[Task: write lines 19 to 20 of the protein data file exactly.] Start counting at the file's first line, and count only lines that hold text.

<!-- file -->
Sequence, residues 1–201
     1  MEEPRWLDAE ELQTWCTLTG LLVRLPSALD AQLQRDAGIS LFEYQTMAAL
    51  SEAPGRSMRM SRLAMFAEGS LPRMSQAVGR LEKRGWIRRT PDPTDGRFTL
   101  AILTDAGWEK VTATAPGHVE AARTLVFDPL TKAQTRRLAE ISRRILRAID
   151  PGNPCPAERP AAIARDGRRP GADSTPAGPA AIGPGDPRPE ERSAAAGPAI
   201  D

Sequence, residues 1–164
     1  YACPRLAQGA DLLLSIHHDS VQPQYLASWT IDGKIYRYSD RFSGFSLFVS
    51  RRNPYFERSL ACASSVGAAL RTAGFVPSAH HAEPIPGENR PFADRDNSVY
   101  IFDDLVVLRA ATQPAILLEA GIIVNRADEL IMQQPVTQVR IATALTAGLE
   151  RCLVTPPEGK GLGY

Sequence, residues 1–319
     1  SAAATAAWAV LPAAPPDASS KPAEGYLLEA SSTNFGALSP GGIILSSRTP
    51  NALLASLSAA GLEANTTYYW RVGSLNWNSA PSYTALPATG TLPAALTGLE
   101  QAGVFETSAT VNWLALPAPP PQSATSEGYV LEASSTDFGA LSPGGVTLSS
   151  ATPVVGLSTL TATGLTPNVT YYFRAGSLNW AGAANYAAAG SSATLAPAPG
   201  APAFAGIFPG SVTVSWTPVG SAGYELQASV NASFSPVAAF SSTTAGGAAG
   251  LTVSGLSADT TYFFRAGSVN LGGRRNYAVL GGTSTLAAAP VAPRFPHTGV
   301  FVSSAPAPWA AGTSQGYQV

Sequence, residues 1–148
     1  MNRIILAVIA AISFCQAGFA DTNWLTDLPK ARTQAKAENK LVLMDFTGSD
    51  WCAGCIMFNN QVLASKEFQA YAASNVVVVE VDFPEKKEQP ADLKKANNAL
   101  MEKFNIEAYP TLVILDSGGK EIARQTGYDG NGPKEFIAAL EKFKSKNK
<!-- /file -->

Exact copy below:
   301  FVSSAPAPWA AGTSQGYQV

Sequence, residues 1–148